In this article, we’ll look at Energy Transfer Partners’ (ETP) existing and new projects discussed during the second quarter earnings conference call. Let’s start with the partnership’s ambitious Rover Pipeline project.
ETP received approval from the FERC to place additional facilities of Phase 2 of the project into service in May 2018. The mechanical work on the project is 100% complete. The partnership expects to complete the restoration activities this month, resulting in full placement of the project. ETP’s revolution system project is complete, and it’s expected to be placed into service following the completion of the Rover Pipeline.
On the Mariner East 2 and 2x, the partnership doesn’t expect further delays due to the blockages from the Pennsylvania DEP (Department of Environmental Protection). The partnership expects to use the existing pipeline in the affected areas and bring the ME2 project online by the end of the third quarter.
According to Thomas Long, ETP’s CFO, “100% of HDDs are completed, or in process, in line with our approved HDD plan with no more drilling re-evaluation reports required from DEP. The Pennsylvania PUC’s commissioners have overturned the prior decision that prevented continued construction in West Whiteman Township.” HDD here refers to “horizontal directional drilling.”
Apart from these three projects, the partnership placed the Lone Star Frac V, the Red Bluff pipeline project, and the Rebel 2 processing plant into service during the second quarter. It expects to bring online another 200 MMcf/d (million cubic foot per day) processing plant in West Texas by the end of this year. Moreover, the partnership expects to bring online phase two of the Bayou Bridge, the Permian Express 3 expansion, and the Old Ocean natural gas pipeline projects by the end of this year. The Old Ocean natural gas pipeline is a 50-50 joint venture between ETP and Enterprise Products Partners (EPD).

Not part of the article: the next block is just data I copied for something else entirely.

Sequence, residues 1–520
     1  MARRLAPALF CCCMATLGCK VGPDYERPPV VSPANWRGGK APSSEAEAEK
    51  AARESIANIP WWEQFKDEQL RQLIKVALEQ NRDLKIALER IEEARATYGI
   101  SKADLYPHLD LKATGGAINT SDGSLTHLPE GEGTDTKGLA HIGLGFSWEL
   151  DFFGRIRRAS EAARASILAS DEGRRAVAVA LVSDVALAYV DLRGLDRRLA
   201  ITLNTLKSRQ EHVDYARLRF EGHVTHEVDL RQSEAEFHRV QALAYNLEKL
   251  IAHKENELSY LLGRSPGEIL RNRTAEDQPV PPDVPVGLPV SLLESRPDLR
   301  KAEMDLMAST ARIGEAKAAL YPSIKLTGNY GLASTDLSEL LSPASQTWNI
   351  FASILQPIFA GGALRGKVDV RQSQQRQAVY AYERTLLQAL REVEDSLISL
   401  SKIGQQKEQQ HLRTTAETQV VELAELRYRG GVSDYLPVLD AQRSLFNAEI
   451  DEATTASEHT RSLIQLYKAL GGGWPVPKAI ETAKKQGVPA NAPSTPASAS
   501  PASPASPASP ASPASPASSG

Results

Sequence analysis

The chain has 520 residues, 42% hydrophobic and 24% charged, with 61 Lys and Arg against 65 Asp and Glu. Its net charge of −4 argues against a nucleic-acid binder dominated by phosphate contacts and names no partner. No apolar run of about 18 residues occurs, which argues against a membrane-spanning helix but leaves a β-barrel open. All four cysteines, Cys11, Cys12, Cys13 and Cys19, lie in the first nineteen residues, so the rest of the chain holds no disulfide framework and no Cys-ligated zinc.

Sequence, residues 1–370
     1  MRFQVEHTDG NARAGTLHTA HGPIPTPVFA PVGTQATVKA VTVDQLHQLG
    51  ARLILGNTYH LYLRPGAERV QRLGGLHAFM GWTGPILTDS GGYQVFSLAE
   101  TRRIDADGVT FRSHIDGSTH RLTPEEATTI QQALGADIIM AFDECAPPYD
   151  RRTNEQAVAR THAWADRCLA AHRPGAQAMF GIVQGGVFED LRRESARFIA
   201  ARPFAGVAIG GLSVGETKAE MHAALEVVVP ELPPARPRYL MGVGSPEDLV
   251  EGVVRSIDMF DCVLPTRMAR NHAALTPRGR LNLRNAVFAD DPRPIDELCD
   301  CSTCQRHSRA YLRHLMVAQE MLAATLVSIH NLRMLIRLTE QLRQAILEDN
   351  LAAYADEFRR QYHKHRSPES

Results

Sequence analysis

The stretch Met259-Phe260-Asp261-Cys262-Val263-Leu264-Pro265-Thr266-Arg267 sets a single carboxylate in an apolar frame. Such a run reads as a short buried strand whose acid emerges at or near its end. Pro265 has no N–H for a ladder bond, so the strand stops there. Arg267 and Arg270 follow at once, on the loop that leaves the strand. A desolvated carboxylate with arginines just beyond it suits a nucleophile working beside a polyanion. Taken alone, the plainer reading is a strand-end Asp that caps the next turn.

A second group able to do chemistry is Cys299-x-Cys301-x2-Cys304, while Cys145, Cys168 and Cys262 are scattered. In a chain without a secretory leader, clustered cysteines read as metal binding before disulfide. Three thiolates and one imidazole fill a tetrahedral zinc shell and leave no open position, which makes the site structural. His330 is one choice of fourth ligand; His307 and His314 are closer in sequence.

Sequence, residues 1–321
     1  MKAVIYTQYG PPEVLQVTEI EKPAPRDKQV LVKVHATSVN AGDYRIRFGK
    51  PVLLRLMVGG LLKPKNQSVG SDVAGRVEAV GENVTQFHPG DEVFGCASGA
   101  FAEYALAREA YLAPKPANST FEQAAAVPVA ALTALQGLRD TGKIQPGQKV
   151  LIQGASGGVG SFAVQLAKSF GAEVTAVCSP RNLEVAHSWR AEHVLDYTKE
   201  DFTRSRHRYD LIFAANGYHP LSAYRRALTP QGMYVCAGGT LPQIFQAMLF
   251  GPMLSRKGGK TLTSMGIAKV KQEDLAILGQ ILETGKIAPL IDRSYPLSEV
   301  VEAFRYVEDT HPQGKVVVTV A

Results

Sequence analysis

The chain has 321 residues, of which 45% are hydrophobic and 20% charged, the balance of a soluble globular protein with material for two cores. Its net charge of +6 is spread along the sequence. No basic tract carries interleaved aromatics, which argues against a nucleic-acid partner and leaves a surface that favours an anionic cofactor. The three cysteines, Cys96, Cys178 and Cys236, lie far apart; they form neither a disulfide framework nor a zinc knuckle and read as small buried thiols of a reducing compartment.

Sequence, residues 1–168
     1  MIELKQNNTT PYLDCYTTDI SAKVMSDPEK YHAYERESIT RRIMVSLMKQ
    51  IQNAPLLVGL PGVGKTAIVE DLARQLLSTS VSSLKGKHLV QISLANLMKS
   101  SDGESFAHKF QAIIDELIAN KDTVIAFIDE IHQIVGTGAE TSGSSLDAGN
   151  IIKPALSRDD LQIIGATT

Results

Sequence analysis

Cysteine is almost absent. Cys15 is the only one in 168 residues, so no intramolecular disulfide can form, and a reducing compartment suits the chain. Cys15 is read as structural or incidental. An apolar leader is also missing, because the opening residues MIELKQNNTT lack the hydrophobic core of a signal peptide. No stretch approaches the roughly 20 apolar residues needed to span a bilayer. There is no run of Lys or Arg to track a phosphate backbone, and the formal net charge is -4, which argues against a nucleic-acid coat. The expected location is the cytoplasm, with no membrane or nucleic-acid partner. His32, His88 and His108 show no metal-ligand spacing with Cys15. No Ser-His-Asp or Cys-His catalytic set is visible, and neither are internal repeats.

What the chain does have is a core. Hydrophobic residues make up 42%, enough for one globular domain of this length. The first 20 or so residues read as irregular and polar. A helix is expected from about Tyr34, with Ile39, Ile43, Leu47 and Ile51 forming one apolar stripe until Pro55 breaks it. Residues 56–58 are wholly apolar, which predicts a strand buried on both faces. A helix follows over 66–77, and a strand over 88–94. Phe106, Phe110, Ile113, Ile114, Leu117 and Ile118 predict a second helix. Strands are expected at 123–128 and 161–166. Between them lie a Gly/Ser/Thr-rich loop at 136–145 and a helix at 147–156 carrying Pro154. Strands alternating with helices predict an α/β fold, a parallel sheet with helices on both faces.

Energy Transfer Partners remains optimistic about its recently announced projects despite the rise in global trade tensions. These projects include the Orbit Ethane export terminal and a new crude oil pipeline from Midland to Nederland. In response to an analyst question about the possible impact of tariffs on the Orbit project, Marshall McCrea, ETP’s COO, said, “we are selling ethane at the dock to satellite and their handling it from there. So we don’t see an impact on our partnership from tariffs related to China.” Orbit is a joint venture between ETP and Satellite Petrochemical.
The partnership now expects to spend $4.5 billion to $4.8 billion on organic projects this year. ETP has the largest capital budget for 2018 among major midstream companies. For more detail, read ETP: The Highest Capital-Spending MLP.
In the next article, we’ll look into Energy Transfer Equity’s (ETE) technical indicators.